5. Jerry Pisk says:

    I wonder how can a reusable buffer be slower than calling new and delete every iteration. Especially if you hit your longest line soon in the beginning, or pad it enough so most of your iterations will simply execute a compare (to make sure the buffer is long enough) and go on with their lives. There’s no way a conditional jump is slower than allocating and freeing memory on the heap.

  6. Excellent point about exception safety. I don’t normally program with STL or exceptions – the fact that I’m using STL at all is a bit of a departure.

    If you want more details on using the profiler that comes with VSTS, check out Ian Huff’s blog http://blogs.msdn.com/ianhu/ and his video on Channel9.

    I don’t know why reusing the buffer made the program slowr but it did. Maybe there are cache effects?

  7. ... says:

    Our lives are complicated by the fact that codecvt::in requires pointers to elements rather than iterators, which means that we can’t use a wstring or a vector;

    What prevents you from using std::vector<wchar_t>?

  8. I don’t see a vector::data() function, nor do I see any guarantee that the elements of a vector are contiguous in memory or that vector::begin() can be treated as a pointer to the first element of the array. Maybe I missed it.

  9. Mat Booth says:

    According to the comp.lang.c++ FAQ, the storage for a std::vector<T> is guaranteed to be contiguous. See http://www.parashift.com/c++-faq-lite/containers.html#faq-34.3

  10. indranil banerjee says:

    The standard was amended to make it clear that vector is required to use contiguous memory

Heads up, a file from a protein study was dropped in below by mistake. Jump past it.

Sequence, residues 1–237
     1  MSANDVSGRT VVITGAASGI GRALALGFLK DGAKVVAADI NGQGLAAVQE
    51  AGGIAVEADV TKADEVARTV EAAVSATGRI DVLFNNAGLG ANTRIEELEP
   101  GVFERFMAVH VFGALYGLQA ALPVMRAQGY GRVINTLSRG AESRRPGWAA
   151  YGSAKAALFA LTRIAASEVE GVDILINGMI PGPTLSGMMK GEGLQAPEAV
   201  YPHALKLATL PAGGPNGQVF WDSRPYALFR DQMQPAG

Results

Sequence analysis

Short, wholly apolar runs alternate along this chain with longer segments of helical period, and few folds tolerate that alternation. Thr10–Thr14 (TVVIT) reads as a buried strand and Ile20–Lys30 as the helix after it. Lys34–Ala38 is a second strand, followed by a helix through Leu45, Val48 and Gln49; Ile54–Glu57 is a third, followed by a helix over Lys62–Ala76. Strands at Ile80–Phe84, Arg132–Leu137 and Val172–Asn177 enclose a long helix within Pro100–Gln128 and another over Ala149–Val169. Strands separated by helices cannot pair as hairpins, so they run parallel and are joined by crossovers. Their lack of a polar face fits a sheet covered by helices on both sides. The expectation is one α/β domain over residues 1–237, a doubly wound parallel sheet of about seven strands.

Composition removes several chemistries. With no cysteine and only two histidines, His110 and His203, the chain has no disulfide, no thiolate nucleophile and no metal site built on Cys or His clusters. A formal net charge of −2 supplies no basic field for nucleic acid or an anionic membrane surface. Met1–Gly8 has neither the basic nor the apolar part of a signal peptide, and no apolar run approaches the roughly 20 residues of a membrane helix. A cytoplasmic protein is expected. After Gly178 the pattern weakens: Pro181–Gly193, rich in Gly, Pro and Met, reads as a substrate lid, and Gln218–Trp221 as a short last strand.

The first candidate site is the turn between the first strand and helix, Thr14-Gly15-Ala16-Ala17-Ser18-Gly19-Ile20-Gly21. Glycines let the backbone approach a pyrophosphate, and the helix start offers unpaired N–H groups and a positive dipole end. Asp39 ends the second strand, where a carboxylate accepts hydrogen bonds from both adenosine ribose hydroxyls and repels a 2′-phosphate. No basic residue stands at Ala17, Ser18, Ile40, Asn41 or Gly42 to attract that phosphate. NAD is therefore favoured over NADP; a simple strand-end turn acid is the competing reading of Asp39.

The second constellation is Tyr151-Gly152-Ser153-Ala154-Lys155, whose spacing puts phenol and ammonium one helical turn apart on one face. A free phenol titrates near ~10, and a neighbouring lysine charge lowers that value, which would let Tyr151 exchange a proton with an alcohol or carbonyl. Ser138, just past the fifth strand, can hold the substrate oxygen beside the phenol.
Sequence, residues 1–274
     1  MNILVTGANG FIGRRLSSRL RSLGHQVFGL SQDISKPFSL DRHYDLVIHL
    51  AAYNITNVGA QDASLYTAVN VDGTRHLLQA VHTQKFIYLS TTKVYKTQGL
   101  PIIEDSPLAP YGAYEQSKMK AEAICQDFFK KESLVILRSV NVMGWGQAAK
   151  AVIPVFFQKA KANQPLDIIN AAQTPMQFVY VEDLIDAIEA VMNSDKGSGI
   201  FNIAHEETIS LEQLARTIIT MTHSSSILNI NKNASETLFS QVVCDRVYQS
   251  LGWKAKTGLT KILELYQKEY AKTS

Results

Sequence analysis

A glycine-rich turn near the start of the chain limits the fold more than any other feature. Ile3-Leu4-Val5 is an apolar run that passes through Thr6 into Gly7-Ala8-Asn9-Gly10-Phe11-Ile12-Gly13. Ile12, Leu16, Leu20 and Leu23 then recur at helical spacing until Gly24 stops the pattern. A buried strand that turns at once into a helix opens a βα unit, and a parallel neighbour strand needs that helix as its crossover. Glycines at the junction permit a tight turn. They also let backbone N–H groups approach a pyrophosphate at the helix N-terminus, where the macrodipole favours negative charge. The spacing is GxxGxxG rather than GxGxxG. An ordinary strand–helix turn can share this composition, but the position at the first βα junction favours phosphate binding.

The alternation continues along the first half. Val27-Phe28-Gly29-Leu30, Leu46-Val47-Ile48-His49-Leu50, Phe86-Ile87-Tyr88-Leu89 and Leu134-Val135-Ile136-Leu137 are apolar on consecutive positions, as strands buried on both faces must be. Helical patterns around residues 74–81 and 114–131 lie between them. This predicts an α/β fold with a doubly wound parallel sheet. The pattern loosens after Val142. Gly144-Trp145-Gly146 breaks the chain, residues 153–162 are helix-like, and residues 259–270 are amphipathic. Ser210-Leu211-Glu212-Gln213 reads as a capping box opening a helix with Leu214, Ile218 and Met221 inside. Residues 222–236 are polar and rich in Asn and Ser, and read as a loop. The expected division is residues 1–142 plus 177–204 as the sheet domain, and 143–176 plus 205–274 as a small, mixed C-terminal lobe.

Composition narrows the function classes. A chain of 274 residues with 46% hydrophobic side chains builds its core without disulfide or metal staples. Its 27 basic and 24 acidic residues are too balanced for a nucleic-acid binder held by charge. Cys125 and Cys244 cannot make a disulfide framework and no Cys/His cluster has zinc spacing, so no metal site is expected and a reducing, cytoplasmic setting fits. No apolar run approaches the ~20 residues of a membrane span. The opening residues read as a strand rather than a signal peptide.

http://www.open-std.org/jtc1/sc22/wg21/docs/lwg-defects.html

  11. "I don’t see a vector::data() function, nor do I see any guarantee that the elements of a vector are contiguous in memory or that vector::begin() can be treated as a pointer to the first element of the array. Maybe I missed it."

    vector<T>::begin() should not be treated as a pointer. &v[0] is, though.

    In the original C++ standard (14882-1998) vector was not explicitly required to have contiguous memory, but the complexity requirements on it pretty much ensured it. In the 2003 revision of the standard, they made that requirement explicit.

    I don’t know of a single STL implementation that has a non-contiguous vector, so it’s pretty safe.

    FYI, do you know if widecvt outputs UCS-2 or UTF-16? If it’s UTF-16, then it’s entirely possible that you could have surrogate pairs (two wchar_ts that represent a single Unicode codepoint).

  12. Universalis, most Win32 APIs expect/use UTF-16 when they recieve or return WCHARs. I have no doubt that there are many apps out there that do not anticipate this.